Brunch, Sunday’s Happy Place

Brunch. To me, that meal is often associated with a hangover, or at least an uneasy feeling that food and sunshine are not worth rolling out of bed for early on a Sunday morning. But you might need to brave the young day due to friend obligations, the inability to work the coffee maker, parental units needing your attention, or your half-grown kids wanting to overtly hit you up for money. So you agree to brunch. *sigh* At least you should eat well.

Any brunch place worth its salt will have three things: bottomless cups of coffee, optional outdoor seating, and a menu that offers sweet and savory breakfast and lunch dishes.

Not required, but definitely appreciated, is a place that also offers typical brunch drinks like mimosas and bloody marys. Of course here in Gainesville, we’re limited by some archaic laws that don’t allow alcohol to be served before 1 o’clock on Sunday. So if you require some hair of the dog, time it so you arrive around 12:30 because most servers will kindly announce when they are allowed to take orders for adult beverages.

So where to go in Gainesville on a bright Sunday morning? We have our standard haunts that are veggie friendly, but are always open to suggestions. We would recommend starting with one of these:

• Leonardo’s 706 (or just 706)
High on the list because they have some delish standard menu items including omelets, benedicts, tofu stirfry, pancakes and french toast. Or commit to the buffet if you like big breakfasts because it’s packed with goodies. They have some great never-ending coffee, as well as the fancy stuff that requires a French accent to order, and noteworthy alcohol-mixed drinks (their mimosa is a favorite). It’s a bit pricey when you look at the menu, but you get a full bang for your buck because the minute you sit down, you’re served with their famous brunch punch (citrus, ginger, and watermelon) and mini-muffins (usually chocolate, cream cheese, berry, etc), and you’ll be delivered hot latkas (crispy potato pancakes). First rate service and an eclectic menu makes this a standard for us.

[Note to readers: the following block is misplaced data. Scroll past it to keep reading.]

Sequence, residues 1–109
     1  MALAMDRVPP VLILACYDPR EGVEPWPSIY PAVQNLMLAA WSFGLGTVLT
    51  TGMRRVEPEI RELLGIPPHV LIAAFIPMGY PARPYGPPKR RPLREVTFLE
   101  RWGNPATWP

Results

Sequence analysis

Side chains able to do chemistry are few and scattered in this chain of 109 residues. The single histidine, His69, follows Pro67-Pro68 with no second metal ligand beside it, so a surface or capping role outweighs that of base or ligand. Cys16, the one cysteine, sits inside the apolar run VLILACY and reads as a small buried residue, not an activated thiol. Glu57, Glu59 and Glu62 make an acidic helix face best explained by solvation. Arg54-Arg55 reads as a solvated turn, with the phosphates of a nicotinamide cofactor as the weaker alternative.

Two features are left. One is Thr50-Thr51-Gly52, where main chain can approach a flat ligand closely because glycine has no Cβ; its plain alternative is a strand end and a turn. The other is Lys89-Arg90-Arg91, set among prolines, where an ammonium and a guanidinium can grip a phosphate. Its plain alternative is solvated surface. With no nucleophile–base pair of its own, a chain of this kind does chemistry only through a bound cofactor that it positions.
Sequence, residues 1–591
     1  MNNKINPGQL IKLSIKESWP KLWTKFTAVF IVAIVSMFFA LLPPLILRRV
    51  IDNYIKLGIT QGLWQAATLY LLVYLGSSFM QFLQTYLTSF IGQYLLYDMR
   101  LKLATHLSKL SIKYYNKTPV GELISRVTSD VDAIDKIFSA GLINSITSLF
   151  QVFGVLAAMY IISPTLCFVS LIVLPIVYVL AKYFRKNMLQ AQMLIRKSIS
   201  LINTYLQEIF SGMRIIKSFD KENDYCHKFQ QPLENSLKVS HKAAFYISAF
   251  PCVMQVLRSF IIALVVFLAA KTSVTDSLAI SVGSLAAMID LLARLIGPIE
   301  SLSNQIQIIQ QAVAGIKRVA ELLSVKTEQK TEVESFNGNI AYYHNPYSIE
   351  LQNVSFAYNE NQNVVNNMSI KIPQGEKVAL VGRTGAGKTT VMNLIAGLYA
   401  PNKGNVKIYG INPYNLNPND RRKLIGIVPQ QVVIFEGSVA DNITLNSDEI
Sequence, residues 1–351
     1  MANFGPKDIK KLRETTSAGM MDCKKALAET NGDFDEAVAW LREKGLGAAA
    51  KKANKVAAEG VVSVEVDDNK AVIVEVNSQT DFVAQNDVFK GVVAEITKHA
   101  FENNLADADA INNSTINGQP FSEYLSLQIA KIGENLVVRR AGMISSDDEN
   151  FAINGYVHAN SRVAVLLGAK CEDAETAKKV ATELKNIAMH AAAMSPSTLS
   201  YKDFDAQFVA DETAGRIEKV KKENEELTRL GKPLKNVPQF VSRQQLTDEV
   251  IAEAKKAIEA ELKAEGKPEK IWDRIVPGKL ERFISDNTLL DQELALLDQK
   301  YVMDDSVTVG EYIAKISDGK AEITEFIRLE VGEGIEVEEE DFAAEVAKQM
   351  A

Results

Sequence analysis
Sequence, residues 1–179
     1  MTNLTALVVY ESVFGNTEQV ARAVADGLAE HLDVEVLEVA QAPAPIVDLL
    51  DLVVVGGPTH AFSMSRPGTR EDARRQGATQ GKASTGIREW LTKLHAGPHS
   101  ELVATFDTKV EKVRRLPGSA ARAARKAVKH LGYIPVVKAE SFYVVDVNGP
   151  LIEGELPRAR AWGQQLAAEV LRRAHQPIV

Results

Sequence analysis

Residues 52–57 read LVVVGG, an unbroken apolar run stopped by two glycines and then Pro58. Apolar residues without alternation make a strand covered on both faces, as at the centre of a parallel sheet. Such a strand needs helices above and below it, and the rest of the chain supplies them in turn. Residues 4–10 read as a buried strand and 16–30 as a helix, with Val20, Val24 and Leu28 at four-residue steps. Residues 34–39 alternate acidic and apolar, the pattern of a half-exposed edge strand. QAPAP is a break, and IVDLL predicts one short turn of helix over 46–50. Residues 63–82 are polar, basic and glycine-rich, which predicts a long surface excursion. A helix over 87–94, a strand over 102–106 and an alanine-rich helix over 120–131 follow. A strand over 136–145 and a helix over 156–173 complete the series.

**Midtown, 706 W. University Ave [find them on Facebook!]**
Website: Leonardos-706.com

• The Top
“The Top?” you say. Why, yes. They’ve revamped their brunch offerings. If you like their dinner menu, you won’t be disappointed in brunch. They even have some decent vegan options which can be hard to come by. I absolutely recommend the Cuban bread with guava jelly and goat cheese to start with. Or they have vegan biscuits and gravy. The menu changes from week to week depending on what they’ve got on hand, but it usually looks like pancakes and grits, and home fries, and other hot comfort food that is better with syrup or hot sauce. And as always at the Top, you’ll get enough food to take some home for later. My only caution is that the pancakes tend to taste like the griddle, an oddly cloying cooking oil flavor. A bonus of the Top is that you don’t get a big wait time like at some of the other places. If you show up at the crack of 11:00, you can get your pick of tables. [They post that brunch is from 11 to 2. Check the chalkboard and specials menu.]
**University and Main, a block north, just follow the smell of food**

• The Flying Biscuit
Yes, this is a small chain restaurant, but it’s not sold its soul off yet. If the bright Disney-like interior design doesn’t wake you up, and regular coffee doesn’t sound appealing, try one of their insane drinks… you can get four shots of espresso in a bowl-size cup with whipped cream, or a Guinness (yes, the beer!) with shots of espresso in that. Once you’re awake and you’re grazing the menu, you’ll see there is almost no end to options. They’re all pretty good. And don’t even think about leaving without trying their biscuits. I heartily recommend one of their huge omelet meals if you know you can eat a lot. If you are not into big breakfasts, make sure to check out their sides menu where you can mix and match grits (light, made with cream cheese), half-order of french toast, soysage, ‘moon dusted’ potatoes, and more. Good food for good prices, and the staff are fun people. There is always a waiting list, but it’s worth it! [It’s posted that they open at 7am but that’s not verified, and who the heck wants to eat that early on Sunday anyway?]
**Northwest / Thornebrook area, near Fresh Market [find them on Facebook!]**
Website: FlyingBiscuit.com

• Ivey’s Grill